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Mouse-infested warehouse lands Family Dollar Stores with record $41M fine

An investigation found “live rodents, dead and decaying rodents, rodent feces, urine and odors,” at a warehouse in Arkansas.
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Dollar Tree said it had fully cooperated with the DOJ's investigation and was working to change its safety protocols.Tim Boyle / Bloomberg via Getty Images file

Family Dollar Stores was this week ordered to pay $41.6 million for using a rodent-infested warehouse to distribute food, cosmetics and medical devices to more than 400 stores across the South.

The largest criminal penalty of its kind comes after a U.S. Food and Drug Administration investigation found "live rodents, dead and decaying rodents, rodent feces, urine, and odors, and evidence of gnawing and nesting," at the company's distribution center in West Memphis, Arkansas, the Justice Department said in a statement.

The company — which has 8,000 stores across 46 states and was bought by rival Dollar Tree in 2015 — pleaded guilty to one misdemeanor count of causing goods to be "adulterated while being held under insanitary conditions" at a federal court hearing in Little Rock on Monday,

The department said the fine was the largest ever in a food safety case in the United States. As part of a plea agreement, both Family Dollar Stores and Dollar Tree must meet " robust" corporate reporting guidelines for the next three years.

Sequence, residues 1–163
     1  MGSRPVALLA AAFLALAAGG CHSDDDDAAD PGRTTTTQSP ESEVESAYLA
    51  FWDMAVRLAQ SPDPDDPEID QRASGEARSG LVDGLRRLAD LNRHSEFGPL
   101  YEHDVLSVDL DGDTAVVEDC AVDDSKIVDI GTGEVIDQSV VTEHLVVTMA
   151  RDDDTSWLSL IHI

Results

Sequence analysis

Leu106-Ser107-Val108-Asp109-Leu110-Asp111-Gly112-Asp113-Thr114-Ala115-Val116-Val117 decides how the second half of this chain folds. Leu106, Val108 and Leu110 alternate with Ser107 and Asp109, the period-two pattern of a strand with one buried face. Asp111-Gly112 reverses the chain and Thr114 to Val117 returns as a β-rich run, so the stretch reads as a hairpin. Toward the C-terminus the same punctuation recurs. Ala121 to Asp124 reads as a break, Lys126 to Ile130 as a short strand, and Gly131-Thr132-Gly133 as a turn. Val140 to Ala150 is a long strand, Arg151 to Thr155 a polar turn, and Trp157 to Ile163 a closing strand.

"When consumers go to the store, they have the right to expect that the food and drugs on the shelves have been kept in clean, uncontaminated conditions," acting Associate Attorney General Benjamin C. Mizer said in the statement. 

The plea agreement said that in August 2020, the company first received reports of "mouse and pest issues," although deliveries continued to 404 stores in Alabama, Missouri, Mississippi, Louisiana, Arkansas and Tennessee. The company admitted that some employees were aware in January 2021 that the conditions at the warehouse were illegal.

Yet, it continued shipping goods from the warehouse until January 2022 when the FDA's investigation revealed the extent of the infestation. After the building was fumigated, exterminators found 1,270 dead mice, the DOJ said.

It wasn't until Feb. 18, 2022, that all food, drugs, cosmetics and medical devices that came from the warehouse were recalled.

U.S. Attorney Jonathan D. Ross said: "It is incomprehensible that Family Dollar knew about the rodent and pest issues at its distribution center in Arkansas but continued to ship products that were unsafe and insanitary."

"Knowingly selling these types of products not only places the public’s health at risk but erodes the trust consumers have in the products they purchase," he continued.

Dollar Tree said it had fully cooperated with the DOJ's investigation and was working to change its safety protocols.

"Having reached full resolution with the DOJ, we are continuing to move forward on our business transformation, safety procedures and compliance initiatives," Dollar Tree Chairman and CEO Rick Dreiling, who assumed his role in March 2022, said in a statement.

"Since that time and even more directly when I assumed the role of CEO, we have worked diligently to help Family Dollar resolve this historical matter and significantly enhance our policies, procedures, and physical facilities to ensure it is not repeated," he said.

The company said it plans to return to the West Memphis site by the fall, with a $100 million investment to improve the distribution, while creating 300 jobs.